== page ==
On June 21, 2018, the U.S. Supreme Court issued its decision in the South Dakota v. Wayfair case, which revolved around South Dakota’s economic nexus legislation that was enacted in 2016. In a 5-4 decision, the Supreme Court ruled in favor of South Dakota and overruled Quill Corp. v. North Dakota and National Bellas Hess, Inc. v. Department of Revenue of Ill. The Court concluded that “the physical presence rule of Quill is unsound and incorrect.”
Writing for the majority, Justice Kennedy delivered the opinion of the Court. He wrote, “First, the physical presence rule is not a necessary interpretation of Complete Auto’s nexus requirement.” He continued, “Second, Quill creates rather than resolves market distortions” and “Third, Quill imposes the sort of arbitrary, formalistic distinction that the Court’s modern Commerce Clause precedents disavow in favor of ‘a sensitive, case-by-case analysis of purposes and effects.’” The Court concluded that “…a business need not have a physical presence in a State to satisfy the demands of due process.”
The Court remanded the case to the South Dakota Supreme Court to evaluate if the provision meets the other tests for constitutionality under Complete Auto Transit. The four-prong test requires substantial nexus with the state, fair apportionment, non-discrimination against interstate commerce, and a fair relationship to the services provided by the state. South Dakota v. Wayfair only addressed the substantial nexus test. The remand will need to address whether there are any other facts that would cause South Dakota’s economic nexus legislation to fail the test for constitutionality. Until the remand is addressed by the South Dakota Supreme Court, South Dakota should not be able to enforce its provisions and the stay of enforcement remains in place. (Opinion of the Court, Supreme Court of the United States, No. 17-494, South Dakota, Petitioner v. Wayfair, Inc., et al. On Writ of Certiorari to the Supreme Court of South Dakota (June 21, 2018))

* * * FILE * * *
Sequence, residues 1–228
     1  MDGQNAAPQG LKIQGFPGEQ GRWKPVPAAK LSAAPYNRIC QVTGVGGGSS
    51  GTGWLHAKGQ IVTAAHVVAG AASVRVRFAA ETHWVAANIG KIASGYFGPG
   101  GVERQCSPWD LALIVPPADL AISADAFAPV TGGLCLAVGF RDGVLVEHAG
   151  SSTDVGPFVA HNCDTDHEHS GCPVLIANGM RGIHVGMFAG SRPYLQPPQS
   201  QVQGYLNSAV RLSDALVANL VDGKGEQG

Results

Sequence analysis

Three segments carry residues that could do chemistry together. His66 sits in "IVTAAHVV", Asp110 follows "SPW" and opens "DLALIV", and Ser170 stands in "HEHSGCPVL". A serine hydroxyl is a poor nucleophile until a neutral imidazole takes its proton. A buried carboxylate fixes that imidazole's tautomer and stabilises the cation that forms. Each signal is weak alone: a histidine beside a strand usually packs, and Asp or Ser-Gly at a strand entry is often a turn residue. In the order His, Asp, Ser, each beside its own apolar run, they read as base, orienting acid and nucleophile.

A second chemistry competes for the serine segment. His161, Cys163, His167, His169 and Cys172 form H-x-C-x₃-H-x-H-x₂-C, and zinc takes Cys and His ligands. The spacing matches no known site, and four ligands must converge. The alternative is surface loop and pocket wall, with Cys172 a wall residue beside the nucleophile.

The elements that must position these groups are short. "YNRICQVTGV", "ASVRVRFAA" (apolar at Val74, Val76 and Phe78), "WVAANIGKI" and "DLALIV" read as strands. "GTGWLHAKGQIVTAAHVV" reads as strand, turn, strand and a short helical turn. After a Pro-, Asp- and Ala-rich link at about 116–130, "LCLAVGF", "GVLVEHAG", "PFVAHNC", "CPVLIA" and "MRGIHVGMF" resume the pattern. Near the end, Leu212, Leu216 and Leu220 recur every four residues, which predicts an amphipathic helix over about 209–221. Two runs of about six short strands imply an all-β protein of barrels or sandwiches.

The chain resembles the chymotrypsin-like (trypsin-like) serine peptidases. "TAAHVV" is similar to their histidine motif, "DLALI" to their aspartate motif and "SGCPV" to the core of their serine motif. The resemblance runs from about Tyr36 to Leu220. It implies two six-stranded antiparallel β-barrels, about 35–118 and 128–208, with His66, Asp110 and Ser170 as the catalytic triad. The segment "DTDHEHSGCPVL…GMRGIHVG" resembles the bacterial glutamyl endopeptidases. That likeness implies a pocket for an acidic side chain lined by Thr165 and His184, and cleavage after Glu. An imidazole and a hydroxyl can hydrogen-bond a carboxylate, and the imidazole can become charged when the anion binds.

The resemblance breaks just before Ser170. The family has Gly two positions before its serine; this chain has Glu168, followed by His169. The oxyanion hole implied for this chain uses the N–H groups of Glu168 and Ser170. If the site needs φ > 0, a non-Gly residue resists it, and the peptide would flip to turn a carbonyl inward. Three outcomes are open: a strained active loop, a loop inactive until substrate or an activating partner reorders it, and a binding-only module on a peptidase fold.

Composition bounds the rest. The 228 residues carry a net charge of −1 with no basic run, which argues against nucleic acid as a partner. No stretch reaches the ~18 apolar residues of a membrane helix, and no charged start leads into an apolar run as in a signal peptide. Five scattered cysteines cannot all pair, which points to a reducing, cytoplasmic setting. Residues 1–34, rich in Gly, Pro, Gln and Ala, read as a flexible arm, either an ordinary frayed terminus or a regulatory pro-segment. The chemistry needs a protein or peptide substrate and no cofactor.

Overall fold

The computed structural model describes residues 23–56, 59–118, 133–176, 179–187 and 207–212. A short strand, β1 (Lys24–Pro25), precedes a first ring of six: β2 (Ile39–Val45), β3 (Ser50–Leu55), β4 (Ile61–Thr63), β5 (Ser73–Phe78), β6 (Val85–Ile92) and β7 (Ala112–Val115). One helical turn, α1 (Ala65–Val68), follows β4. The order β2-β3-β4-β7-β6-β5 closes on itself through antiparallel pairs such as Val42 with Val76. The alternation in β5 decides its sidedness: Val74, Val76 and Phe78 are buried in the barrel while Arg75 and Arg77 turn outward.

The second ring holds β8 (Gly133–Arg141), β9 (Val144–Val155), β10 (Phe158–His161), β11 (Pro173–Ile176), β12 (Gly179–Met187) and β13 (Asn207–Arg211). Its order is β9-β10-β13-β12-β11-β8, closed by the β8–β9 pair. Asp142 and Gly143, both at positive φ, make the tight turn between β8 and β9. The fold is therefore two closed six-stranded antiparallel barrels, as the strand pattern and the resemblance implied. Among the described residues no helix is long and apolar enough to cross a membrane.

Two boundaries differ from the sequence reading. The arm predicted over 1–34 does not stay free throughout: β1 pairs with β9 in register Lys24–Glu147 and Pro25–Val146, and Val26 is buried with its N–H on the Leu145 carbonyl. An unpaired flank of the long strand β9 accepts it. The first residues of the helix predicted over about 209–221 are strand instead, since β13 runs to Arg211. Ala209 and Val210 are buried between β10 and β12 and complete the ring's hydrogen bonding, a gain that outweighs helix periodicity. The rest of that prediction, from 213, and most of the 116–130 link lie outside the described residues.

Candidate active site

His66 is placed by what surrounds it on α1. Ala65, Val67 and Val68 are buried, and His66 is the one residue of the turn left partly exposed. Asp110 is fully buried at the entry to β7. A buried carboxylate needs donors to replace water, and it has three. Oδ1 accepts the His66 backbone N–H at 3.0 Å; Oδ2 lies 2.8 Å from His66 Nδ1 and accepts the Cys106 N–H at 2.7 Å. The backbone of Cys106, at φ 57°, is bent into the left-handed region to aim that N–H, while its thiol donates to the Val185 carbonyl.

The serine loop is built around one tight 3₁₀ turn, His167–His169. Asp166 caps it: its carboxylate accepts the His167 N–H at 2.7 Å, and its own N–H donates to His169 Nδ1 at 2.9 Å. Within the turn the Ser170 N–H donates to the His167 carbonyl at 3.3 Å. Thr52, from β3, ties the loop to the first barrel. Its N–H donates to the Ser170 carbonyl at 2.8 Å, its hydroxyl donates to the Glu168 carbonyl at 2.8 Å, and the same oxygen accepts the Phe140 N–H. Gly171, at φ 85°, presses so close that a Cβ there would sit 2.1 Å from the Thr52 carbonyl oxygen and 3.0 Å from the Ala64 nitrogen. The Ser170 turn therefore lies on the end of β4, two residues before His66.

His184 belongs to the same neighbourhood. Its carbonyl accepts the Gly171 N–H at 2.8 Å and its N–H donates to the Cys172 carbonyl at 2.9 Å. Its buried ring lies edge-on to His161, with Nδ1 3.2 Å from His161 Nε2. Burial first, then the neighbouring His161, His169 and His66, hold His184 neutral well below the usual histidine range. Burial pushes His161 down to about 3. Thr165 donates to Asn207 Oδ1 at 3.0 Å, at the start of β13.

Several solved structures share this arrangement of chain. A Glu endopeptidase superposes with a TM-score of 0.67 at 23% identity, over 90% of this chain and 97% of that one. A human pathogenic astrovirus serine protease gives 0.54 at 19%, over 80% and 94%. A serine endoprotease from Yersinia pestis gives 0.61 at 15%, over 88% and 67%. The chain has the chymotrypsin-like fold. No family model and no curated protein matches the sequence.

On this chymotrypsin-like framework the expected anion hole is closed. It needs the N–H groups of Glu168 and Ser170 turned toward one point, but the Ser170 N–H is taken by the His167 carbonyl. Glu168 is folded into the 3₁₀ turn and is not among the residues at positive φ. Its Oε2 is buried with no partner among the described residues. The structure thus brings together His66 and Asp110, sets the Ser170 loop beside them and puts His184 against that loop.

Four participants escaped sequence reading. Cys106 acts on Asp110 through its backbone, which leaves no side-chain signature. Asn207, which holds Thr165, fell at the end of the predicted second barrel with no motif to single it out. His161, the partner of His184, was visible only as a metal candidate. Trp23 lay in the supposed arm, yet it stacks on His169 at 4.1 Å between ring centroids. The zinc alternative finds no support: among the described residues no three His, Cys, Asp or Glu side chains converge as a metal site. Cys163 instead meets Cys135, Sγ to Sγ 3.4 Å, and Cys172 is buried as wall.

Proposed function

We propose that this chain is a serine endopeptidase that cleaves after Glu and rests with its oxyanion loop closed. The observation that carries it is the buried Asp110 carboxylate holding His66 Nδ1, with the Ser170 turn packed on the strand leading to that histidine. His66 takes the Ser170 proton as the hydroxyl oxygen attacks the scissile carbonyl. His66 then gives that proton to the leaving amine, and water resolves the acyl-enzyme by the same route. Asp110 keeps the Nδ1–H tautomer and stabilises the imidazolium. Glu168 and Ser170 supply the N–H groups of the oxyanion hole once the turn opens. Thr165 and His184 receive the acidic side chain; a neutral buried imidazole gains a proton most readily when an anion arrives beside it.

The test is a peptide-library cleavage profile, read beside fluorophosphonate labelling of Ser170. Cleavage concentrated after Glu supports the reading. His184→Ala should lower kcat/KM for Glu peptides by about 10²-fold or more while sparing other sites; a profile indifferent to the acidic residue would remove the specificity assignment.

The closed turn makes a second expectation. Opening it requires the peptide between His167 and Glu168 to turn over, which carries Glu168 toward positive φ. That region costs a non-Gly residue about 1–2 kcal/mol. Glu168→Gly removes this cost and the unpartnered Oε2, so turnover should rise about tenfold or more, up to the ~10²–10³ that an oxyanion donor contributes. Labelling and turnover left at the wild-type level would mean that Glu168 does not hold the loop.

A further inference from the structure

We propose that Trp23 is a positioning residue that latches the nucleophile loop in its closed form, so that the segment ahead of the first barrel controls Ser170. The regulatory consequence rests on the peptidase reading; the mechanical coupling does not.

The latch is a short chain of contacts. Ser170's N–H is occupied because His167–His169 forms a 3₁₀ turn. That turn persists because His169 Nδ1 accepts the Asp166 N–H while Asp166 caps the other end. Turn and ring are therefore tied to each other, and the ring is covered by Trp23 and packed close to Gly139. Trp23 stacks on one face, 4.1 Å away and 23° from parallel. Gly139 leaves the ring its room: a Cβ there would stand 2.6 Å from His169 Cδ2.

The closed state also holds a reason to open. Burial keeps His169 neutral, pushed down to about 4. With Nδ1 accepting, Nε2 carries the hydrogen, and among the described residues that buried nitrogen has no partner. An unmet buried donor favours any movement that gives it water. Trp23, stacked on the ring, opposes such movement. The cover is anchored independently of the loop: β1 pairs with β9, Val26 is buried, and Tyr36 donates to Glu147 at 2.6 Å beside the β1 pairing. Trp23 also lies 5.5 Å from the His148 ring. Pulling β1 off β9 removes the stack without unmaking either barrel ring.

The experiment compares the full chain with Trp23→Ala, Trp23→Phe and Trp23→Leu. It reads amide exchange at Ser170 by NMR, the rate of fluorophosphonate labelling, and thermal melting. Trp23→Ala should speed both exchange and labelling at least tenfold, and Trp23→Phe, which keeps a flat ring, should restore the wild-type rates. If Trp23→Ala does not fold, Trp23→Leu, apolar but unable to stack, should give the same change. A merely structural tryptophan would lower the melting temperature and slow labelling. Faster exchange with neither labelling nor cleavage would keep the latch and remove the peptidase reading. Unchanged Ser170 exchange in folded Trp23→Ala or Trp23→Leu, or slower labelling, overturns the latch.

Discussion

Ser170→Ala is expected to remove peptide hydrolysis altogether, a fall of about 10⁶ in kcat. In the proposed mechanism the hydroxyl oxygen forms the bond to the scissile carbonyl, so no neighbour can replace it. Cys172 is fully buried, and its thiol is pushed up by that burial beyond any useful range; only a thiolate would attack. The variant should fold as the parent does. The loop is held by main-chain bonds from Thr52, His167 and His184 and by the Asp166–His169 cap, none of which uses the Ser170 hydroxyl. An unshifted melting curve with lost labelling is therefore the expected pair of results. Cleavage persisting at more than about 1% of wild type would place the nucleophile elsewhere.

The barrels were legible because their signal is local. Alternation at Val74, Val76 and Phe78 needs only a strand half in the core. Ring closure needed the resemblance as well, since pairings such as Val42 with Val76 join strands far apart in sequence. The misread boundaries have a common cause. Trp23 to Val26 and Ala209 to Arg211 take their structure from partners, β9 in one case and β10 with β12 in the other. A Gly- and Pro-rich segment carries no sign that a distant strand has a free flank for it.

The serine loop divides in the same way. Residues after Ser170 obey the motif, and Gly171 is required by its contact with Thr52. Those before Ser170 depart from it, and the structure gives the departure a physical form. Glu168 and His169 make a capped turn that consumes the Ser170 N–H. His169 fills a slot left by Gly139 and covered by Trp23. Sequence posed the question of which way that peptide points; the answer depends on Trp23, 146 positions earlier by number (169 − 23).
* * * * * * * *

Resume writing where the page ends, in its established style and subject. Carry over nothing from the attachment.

We’ll continue to monitor developments in this case and keep you updated. For more of our coverage of the South Dakota v. Wayfair case and for other helpful resources, visit our Remote Seller Resources page.